What is Schubert Lieder?
Lieder is the plural of lied, or “song” in German, and this term is used to describe the type of songs that were written mostly in the early 19th century by German composers. While individual songs – not parts of operas, oratorios or cantatas – had been written since the mid-18th century, it was only when Franz Schubert (January 31, 1797 – November 19, 1828) began composing his songs that the genre took form. The word “lieder” is often translated as “art song” in English, but these songs are anything but “arty.” If anything, they are closer to the folk traditions of their time.
Beyond the fact that these songs were for single voice (generally) and piano, they also bore certain characteristics. They were based on poems, and not on religious texts; they were written for domestic use, being sung in homes and salons; they were based on the idea of personal expressivity; and they often recalled folk melodies. (Some lieder would be performed with orchestra, but much later. Mahler’s lieder is a good example of this.)
The first collection of lieder was published in 1753 under the title Oden mit Melodien (Odes with Melodies). Composers such as Mozart, Haydn and Beethoven composed a handful of lieder each, but never focussed much on the genre. Schubert was the first composer to take this form to its limits. There are many reasons for this, some of them social. Schubert’s Vienna was a period when music was performed in homes, in small, personal gatherings, and the lied was the ideal form for such venues. But Schubert also had an affinity with this form, and the songs flowed from his pen with astounding prolificacy. In Schubert’s lieder, the music is carefully matched to the lyrics, with some songs being strophic (where the music repeats with each verse) and others being through-composed (where the music changes for each verse).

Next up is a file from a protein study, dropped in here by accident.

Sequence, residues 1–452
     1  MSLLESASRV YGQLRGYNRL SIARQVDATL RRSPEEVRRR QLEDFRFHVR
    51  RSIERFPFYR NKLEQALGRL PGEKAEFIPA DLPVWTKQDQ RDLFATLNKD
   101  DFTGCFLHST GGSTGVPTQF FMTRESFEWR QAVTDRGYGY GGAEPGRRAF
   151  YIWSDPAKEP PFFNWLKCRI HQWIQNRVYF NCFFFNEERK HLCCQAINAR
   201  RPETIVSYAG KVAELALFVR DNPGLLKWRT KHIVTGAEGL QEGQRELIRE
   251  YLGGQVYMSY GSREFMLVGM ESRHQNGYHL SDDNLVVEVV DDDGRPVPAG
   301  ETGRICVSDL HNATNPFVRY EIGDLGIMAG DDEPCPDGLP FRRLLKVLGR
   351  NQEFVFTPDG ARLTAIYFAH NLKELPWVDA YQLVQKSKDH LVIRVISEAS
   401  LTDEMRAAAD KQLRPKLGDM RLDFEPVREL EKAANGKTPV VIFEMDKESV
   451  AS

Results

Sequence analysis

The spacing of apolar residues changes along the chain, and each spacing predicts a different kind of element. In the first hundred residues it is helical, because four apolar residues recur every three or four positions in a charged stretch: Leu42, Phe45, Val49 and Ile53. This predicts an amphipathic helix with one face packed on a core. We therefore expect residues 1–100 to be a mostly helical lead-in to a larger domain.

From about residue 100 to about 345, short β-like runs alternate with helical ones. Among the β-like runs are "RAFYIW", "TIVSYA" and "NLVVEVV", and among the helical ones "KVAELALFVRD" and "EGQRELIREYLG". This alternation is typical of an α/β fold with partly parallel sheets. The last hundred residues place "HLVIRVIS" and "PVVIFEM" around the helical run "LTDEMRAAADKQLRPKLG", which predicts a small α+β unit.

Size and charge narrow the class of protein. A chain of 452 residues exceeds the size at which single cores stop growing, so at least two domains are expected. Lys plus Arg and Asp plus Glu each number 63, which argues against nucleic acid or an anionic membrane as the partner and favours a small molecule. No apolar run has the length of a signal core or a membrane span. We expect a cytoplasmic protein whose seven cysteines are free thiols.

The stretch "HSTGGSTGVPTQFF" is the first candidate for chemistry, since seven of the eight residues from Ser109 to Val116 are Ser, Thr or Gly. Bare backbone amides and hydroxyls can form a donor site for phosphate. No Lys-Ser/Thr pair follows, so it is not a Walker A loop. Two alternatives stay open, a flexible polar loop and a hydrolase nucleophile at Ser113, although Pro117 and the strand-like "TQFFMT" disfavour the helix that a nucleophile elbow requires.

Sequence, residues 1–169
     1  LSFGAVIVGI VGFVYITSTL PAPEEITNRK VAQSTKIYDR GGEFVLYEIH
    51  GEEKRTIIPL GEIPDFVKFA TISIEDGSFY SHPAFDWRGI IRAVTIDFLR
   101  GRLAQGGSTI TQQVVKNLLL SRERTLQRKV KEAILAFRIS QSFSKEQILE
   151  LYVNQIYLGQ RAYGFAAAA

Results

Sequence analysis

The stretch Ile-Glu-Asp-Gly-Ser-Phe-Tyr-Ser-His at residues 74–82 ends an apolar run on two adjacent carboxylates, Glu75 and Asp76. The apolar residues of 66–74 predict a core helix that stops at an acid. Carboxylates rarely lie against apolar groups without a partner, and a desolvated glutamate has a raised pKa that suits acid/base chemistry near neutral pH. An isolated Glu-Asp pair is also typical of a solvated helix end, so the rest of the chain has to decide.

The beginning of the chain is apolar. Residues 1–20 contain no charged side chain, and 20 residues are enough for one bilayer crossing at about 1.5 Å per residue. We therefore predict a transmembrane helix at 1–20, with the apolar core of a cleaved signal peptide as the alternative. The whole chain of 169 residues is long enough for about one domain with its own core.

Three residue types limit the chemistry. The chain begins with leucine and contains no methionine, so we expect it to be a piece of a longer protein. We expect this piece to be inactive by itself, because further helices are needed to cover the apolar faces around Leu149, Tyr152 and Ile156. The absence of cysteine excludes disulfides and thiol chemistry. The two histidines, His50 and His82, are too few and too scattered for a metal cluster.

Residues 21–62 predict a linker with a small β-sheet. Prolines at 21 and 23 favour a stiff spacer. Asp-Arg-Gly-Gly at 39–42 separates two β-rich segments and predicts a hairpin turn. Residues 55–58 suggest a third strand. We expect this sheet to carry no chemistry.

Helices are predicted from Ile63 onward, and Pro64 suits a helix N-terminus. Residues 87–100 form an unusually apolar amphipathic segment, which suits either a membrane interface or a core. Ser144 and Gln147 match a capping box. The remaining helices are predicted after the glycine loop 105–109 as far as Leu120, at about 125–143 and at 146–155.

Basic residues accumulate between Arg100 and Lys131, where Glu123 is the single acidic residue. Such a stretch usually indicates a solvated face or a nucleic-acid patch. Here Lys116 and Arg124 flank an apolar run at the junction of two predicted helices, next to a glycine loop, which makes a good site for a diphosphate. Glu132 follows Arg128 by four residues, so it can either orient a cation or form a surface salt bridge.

Schubert’s first lied was written in 1810, and for the next few years, he wrote about two dozen songs. In 1814, however, the spigot opened, and he composed 24 songs in that year (remember, Schubert was only 17), an astounding 142 songs in 1815, and another 112 in 1816. His output would slow down after that, composing an average of about two dozen songs a year until his death in 1828. (The only exception was 1824, when he wrote only six songs.)
Schubert also pioneered the song cycle, a collection of songs meant to be performed in a certain order, that tells a story. His three song cycles – Die schöne Müllerin, Winterreise and Schwanengesang – contain some of his finest lieder.
Because of this huge body of work – more than 600 songs for solo voice and piano, and many more for two, three or four voices – Schubert is the most important composer of lieder, though other composers would follow in his footsteps, notably Robert Schumann, Hugo Wolf, and Johannes Brahms. Lieder would remain an essentially German form; while other countries did have traditions of solo songs – notably France, and even England in the Elizabethan era (John Dowland, among others), the form seemed to fit the German language, the musical style of the time, and the themes that were popular in German Romanticism.